Trisha’s Tidbits

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Want a new story snippet to read each week? Want a chance for some fun contest prizes? Join us at Trisha’s Tidbits, for all this and more.

This week the short story is ‘Hazel’s Spice of Life.’

photo.JPGThe winner of last week’s contest won a set of cedar sachets. Just for reading the newsletter and sending an answer back. She, along with others, was entered into the drawing. Nora’s name was drawn and next week the mailman will deliver a set of freshly scented sachets.

Join us here for the fun.

Win a FREE copy of In Celebration of Mothers

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Want a chance to win a FREE copy of In Celebration of Mothers?

May 7th I’m giving away one free print copy and three PDF versions of this anthology celebrating motherhood.

All you need to do is subscribe to my new newsletter, Trisha’s Tidbits. The newsletter comes out once a week and that’s all you’ll get. No, I’m not going to fill up your inbox with countless messages. Promise!

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Everyone who subscribes by Saturday, May 6th, will be entered into the drawing. The winners will be announced in the May 7th newsletter. There are lots of other contests in the works, including one for a $10 Amazon gift card when we hit the 100 subscriber mark. Each week will also have a story snippet in it or an excerpt from a current book. There will also be chances to win Advance Reader Copies of future and existing books, in exchange for an honest review. Subscribers will get the first chances for these opportunities.

To see more about In Celebration of Mothers, you can check it out here.

A mother listening to her child’s heartbeat. A mother soothed as she holds her son’s hand. A daughter grateful for the pearls of wisdom from her mother, gracing her neck in an invisible strand long after her mother’s life on earth. Memories of special Easter dresses. A mother’s purse full of delightful objects. A mother dancing around the kitchen as she shares music with her son while they mop. Shopping trips with mother’s that are more than mere chores. The stories here celebrate mothers and the glorious world of motherhood, in all its variations. Mothers celebrating their own children, and children paying tribute to their mothers. Take a peek inside to join the celebration. In Celebration of Mothers, women share stories of gratitude. The contributors write of their thankfulness for their mothers, for what they’ve learned through the years, for the acts of kindness and sacrifice their mothers exhibited. If the mother has too short of a life, as in Redwood Park, or if she lives a long, full life to over 100 years old, as in One Hundred and Going Strong or My Mom, My Angel, a common trait is shared; a deep, abiding love for mothers and the state of motherhood.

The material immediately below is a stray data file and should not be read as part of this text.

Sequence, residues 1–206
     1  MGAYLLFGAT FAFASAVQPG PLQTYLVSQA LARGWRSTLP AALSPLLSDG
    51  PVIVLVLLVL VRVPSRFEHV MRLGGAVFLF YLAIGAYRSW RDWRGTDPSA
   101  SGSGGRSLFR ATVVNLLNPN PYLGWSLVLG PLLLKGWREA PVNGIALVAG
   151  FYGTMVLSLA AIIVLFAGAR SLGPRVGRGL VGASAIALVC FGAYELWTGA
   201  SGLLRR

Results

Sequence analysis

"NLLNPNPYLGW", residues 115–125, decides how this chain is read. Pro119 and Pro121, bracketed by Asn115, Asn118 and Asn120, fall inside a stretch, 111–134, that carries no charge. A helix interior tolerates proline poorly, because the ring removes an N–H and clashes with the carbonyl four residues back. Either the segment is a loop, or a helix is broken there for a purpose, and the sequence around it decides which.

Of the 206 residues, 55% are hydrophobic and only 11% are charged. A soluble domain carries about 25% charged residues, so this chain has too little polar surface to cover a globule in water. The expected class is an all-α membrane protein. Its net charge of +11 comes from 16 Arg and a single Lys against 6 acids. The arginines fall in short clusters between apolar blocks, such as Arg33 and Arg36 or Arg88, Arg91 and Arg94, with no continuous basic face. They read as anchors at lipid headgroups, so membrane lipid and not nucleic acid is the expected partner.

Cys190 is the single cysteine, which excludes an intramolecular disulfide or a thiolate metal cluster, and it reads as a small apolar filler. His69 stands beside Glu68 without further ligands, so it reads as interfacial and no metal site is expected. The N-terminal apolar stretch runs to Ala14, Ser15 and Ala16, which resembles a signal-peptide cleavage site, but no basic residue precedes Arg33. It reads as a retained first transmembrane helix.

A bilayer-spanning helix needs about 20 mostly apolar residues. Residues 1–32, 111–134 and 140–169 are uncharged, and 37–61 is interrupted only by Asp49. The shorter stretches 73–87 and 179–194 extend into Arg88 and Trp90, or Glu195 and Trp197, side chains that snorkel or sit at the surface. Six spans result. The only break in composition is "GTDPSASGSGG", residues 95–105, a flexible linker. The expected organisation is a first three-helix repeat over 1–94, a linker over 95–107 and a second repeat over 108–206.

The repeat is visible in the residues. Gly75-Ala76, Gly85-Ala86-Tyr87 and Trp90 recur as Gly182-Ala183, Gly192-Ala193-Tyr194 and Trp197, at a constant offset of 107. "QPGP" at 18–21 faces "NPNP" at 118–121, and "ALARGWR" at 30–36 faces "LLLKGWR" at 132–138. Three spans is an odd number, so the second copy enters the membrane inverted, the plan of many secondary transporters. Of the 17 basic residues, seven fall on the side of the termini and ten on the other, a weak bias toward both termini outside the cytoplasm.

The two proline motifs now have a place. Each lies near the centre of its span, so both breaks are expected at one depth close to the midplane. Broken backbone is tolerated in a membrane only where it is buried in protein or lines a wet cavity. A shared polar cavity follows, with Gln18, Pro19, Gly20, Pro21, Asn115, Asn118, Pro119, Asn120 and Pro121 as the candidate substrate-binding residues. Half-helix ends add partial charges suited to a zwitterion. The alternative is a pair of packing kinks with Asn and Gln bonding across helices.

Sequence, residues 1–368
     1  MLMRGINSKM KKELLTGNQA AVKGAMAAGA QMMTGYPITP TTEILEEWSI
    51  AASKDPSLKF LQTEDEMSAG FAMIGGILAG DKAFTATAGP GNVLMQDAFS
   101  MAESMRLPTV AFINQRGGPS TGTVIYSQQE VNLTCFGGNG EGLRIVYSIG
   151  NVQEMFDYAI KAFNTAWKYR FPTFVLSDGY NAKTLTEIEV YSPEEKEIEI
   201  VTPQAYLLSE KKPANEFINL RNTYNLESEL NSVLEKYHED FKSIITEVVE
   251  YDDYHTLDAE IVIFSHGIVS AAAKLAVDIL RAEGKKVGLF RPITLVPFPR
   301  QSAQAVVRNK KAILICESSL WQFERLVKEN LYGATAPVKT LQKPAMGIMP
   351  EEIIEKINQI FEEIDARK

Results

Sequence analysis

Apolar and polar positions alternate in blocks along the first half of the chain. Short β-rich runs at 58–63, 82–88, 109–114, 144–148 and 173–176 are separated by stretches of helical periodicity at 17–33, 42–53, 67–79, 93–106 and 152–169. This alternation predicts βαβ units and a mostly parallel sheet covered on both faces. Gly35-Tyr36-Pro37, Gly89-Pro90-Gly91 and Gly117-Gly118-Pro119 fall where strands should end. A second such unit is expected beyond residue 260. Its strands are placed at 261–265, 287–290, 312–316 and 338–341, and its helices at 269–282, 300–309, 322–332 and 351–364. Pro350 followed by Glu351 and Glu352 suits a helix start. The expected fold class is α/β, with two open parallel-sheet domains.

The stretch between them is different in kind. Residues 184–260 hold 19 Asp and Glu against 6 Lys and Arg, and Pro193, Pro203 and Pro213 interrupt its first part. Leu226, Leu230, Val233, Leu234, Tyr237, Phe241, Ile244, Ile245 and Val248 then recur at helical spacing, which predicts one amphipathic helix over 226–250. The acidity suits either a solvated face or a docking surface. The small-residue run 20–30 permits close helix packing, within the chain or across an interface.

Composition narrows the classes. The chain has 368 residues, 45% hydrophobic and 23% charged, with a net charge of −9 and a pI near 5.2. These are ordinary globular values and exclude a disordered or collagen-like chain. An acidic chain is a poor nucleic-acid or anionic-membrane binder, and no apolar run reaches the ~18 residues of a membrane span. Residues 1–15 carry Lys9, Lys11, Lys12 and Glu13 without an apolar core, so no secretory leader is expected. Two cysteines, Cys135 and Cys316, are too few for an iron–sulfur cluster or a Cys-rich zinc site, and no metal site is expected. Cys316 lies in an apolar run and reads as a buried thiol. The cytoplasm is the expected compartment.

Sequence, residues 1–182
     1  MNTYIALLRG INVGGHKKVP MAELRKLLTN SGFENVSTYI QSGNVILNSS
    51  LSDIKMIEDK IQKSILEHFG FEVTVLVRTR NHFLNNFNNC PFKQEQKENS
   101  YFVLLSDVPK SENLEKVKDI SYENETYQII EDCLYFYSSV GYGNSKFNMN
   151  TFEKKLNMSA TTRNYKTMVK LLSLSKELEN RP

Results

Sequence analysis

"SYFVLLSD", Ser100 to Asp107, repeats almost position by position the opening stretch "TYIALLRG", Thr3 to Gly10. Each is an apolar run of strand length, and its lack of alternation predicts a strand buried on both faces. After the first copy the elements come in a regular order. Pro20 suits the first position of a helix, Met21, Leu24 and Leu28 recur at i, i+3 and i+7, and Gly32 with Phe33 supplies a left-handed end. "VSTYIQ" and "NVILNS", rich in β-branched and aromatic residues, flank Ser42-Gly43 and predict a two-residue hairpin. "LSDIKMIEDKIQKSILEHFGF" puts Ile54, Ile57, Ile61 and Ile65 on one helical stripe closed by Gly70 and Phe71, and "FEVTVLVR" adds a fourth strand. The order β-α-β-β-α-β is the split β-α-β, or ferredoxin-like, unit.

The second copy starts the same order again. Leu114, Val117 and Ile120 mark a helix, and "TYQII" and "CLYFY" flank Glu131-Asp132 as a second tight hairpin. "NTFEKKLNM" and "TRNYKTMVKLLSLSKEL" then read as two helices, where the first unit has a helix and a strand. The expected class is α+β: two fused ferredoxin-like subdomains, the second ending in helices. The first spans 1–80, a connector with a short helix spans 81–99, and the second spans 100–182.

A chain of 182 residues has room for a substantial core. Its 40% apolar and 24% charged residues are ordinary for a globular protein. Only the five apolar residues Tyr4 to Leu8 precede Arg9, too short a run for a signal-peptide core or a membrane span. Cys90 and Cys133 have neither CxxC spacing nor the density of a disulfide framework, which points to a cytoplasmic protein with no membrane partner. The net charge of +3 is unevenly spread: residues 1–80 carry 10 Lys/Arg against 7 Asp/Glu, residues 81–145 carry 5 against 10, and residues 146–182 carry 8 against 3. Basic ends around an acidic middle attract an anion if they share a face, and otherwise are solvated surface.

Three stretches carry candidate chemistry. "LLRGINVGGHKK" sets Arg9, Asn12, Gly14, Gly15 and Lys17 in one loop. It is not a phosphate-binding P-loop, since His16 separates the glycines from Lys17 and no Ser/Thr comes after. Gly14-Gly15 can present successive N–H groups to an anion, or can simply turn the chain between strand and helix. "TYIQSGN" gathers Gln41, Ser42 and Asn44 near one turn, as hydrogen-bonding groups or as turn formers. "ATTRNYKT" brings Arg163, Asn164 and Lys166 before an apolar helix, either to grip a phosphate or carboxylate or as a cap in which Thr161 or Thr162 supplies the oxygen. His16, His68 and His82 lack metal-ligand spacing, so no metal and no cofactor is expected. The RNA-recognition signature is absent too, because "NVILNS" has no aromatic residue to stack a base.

Want to try for a chance at your copy? Sign up for Trisha’s Tidbits here.

June issue of Back Story

Here’s the June newsletter, Back Story. Depression Glass is the featured topic this month.

There’s also a snippet from Fat and Sassy, my book due out July 15th.

You can see the entire newsletter here: JUNE BACK STORY.

To sign up and get this delivered to your inbox each month, sign up here: BACK STORY SIGN UP. Next month we’ll feature amazing women from the past.

Here’s a bit from the newsletter.

One afternoon I stopped into my favorite thrift store to browse through their books. With books for fifty cents, I can read most of the year for what I’d spend on one or two books at the bookstore.

I don’t usually shop around much. Goodness knows, I need to downsize my collections of ‘stuff’, not buy more. But this one day they had a display of green glass set up in the window right next to the books. Most of the glass was your average inexpensive (cheap) glassware – lots of mass produced, green vases. But one small dish stood out. I thought, that’s Depression glass. So I picked this little goodie up instead of buying books that day.

This darker avocado green compote is from Imperial Glass. It’s in the Larian pattern, with basket and swags, but is not as old as the original Depression glass in that pattern. It was most likely produced in the 1950’s or 1960’s, which still makes it over fifty to sixty years old, and is a nice vintage find. (Wait a minute…that’s how old I am. Somehow for glassware that sounds old, but for me that seems awfully young still.)

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Larain Basket pattern, made by Indiana from 1929 – 1932

I found several other identical pieces on Etsy and Ebay. Prices were currently going in the range of $8 to $15. That makes me pretty happy with my $2.99 thrift store treasure.

 

March Back Story – Memoir & Family History

Here’s a portion of the March Back Story issue, my monthly author’s newsletter.
To see the entire issue in a PDF, CLICK HERE. 
To receive this in your inbox every month, SIGN UP HERE.

BACK STORY – MARCH 2016